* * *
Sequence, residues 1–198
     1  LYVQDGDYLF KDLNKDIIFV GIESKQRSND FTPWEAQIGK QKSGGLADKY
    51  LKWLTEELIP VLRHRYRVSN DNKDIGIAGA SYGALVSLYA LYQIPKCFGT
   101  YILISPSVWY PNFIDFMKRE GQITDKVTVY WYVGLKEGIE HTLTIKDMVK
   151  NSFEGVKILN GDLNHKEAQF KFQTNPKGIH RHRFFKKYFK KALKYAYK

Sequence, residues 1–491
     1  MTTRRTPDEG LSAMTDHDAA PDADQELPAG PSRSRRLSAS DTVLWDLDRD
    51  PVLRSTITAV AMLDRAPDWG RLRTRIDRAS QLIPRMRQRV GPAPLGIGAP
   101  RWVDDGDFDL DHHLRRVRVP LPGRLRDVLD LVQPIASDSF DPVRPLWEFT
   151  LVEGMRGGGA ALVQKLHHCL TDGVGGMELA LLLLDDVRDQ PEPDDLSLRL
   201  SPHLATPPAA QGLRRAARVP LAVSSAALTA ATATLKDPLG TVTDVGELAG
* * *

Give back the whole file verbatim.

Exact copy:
Sequence, residues 1–198
     1  LYVQDGDYLF KDLNKDIIFV GIESKQRSND FTPWEAQIGK QKSGGLADKY
    51  LKWLTEELIP VLRHRYRVSN DNKDIGIAGA SYGALVSLYA LYQIPKCFGT
   101  YILISPSVWY PNFIDFMKRE GQITDKVTVY WYVGLKEGIE HTLTIKDMVK
   151  NSFEGVKILN GDLNHKEAQF KFQTNPKGIH RHRFFKKYFK KALKYAYK

Sequence, residues 1–491
     1  MTTRRTPDEG LSAMTDHDAA PDADQELPAG PSRSRRLSAS DTVLWDLDRD
    51  PVLRSTITAV AMLDRAPDWG RLRTRIDRAS QLIPRMRQRV GPAPLGIGAP
   101  RWVDDGDFDL DHHLRRVRVP LPGRLRDVLD LVQPIASDSF DPVRPLWEFT
   151  LVEGMRGGGA ALVQKLHHCL TDGVGGMELA LLLLDDVRDQ PEPDDLSLRL
   201  SPHLATPPAA QGLRRAARVP LAVSSAALTA ATATLKDPLG TVTDVGELAG